Humbled after the meeting, but more likely desperate to sweep the burden of BR under the mat forever, the government came out with a list of reforms, in the early spring of 1991 on how to improve BR. These weren't completely radical ideas. In fact, they were exactly the initiates that should have been handed to BR decades ago to make life easier for it. These were:

    1. BR would be allowed to make a profit, and not have to hand over any funds to the Treasury.

    2. BR would delegate much of the passenger operations to the business sectors, who would be able to pay for projects with cheap loans, private sector investment and private bank loans.

    3. The government would pay for large infrastructure projects when needed, although that project would be incorporated as a separate company in its own right, then private sector bidders would pay back the government and thus pay back their investment via a return on BR's receipts.

    4. The business sectors would be able to lease their own trains from the suppliers.

    In addition, the government established the "Strategic Railway Commission", which became a thorn in the Railway's side until its scrapping under Blair in 2000. The SRC was set up to make sure that BR had allotted spare paths and physical infrastructure to private competitors. It also actively scoured Britain looking for private companies to run train services to compete against BR. In effect, all it managed to do was stop BR from running lines at max capacity, in order to save the paths for future operators. Sidings at Crewe Basford Hall freight yards were left empty, waiting for future private freight operators which eventually came, but didn’t use the sidings. It cost over £2.5 million a year to run and caused maybe the same amount in lost revenue to BR.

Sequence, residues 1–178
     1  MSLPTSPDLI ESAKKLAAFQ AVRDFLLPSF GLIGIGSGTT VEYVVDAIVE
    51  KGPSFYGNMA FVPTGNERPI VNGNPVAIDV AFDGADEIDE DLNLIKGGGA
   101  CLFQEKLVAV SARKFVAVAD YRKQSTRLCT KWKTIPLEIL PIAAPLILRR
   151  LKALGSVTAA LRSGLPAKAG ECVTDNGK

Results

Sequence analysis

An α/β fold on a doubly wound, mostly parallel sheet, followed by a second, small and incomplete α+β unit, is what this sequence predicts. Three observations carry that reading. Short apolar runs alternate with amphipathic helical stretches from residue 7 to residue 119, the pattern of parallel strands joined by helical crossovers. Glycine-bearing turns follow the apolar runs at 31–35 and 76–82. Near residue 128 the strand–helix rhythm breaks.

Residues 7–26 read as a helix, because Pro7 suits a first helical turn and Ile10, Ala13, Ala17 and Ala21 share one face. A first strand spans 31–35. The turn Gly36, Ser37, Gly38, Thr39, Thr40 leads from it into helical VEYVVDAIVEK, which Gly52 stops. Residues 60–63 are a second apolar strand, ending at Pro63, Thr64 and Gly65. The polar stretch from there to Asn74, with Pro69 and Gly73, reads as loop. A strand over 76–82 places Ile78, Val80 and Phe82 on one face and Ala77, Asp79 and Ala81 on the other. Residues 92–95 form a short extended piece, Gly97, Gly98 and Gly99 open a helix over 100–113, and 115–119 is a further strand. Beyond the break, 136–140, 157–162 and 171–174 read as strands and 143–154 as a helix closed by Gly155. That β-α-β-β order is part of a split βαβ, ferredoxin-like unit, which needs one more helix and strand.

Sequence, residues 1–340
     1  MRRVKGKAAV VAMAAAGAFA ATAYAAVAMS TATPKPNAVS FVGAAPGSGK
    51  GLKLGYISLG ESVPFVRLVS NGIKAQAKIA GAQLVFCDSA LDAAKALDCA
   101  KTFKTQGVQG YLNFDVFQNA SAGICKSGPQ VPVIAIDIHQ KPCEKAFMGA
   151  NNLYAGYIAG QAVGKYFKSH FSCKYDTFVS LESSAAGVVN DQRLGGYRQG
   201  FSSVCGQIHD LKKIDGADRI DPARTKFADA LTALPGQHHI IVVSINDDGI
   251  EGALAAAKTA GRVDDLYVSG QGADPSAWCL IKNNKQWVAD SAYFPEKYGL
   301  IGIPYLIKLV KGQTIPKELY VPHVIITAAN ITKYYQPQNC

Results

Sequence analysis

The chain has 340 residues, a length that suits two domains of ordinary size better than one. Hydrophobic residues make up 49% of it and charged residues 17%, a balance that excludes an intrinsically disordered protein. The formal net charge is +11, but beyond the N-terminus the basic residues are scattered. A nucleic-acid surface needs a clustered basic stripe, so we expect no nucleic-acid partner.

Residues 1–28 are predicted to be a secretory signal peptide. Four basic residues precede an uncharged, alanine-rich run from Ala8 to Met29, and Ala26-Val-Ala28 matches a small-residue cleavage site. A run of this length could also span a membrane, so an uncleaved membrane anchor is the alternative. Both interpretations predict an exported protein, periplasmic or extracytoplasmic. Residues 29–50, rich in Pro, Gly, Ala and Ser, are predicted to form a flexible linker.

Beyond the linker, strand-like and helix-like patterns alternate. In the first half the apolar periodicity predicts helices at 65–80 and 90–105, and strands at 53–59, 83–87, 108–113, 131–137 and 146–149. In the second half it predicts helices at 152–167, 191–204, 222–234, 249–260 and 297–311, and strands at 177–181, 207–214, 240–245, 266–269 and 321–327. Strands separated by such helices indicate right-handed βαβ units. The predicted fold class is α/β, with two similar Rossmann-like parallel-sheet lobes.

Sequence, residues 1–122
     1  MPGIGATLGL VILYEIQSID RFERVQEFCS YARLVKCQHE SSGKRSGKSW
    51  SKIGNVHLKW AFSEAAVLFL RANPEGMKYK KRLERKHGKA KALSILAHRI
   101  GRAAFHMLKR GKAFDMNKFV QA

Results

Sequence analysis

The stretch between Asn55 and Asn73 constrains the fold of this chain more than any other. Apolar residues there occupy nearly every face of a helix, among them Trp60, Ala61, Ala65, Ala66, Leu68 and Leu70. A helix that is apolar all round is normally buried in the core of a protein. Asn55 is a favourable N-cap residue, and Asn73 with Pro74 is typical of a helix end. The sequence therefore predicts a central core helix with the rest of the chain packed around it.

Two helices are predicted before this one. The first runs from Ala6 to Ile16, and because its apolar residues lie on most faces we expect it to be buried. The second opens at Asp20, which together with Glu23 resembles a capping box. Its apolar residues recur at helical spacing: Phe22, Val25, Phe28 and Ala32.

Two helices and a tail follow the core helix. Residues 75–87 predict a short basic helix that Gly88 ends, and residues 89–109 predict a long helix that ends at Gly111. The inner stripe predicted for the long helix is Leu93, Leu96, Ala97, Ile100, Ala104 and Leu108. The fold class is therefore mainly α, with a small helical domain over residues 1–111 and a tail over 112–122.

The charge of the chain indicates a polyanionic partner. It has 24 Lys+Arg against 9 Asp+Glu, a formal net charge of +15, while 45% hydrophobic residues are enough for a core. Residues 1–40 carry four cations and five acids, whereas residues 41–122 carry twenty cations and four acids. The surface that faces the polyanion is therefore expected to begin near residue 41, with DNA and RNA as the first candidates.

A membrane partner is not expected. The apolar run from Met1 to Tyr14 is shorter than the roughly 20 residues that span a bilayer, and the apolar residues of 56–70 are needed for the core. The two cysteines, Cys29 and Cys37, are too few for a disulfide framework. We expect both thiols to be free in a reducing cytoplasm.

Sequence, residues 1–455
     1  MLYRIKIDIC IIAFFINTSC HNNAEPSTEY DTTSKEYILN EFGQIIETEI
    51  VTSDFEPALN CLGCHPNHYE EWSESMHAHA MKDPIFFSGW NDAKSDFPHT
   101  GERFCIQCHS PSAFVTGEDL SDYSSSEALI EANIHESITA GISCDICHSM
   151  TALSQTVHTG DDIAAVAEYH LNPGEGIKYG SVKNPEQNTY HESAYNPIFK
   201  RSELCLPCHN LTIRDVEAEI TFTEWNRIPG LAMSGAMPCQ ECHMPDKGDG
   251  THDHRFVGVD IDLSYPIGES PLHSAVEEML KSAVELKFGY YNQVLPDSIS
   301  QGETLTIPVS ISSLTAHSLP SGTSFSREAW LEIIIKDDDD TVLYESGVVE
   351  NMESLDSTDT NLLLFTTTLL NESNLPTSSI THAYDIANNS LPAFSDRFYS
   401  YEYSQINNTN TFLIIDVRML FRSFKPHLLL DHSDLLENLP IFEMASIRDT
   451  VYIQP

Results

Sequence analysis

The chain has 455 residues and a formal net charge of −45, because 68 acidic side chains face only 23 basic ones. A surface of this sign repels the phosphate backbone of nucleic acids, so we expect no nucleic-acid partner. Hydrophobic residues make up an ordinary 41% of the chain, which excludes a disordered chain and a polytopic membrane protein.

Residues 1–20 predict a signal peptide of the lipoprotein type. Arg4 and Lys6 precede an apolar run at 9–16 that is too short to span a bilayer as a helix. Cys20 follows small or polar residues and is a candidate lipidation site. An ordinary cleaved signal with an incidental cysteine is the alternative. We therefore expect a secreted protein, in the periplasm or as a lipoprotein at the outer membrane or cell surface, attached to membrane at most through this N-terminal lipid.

BR was mostly pleased about the reforms, aside from the third clause which to them seemed like a backdoor to privatisation. However, with the interest rates now at the 1988 level, Network South East would just be able to afford borrowing £150 million out of the £350 million for the modernisation of the Kent Coast services. With the government providing a further £50 million grant. BR's investment was lumped in with a general cycle of public investment that government was pumping into the economy, to see it through the economic downturn-and of course as a bone to the public in next years election.
    In reality, the reforms were working really well-conveniently well, in time for the General Election. NSE would have had enough money from its own pockets to complete more or less the entire Networker Programme by 1998.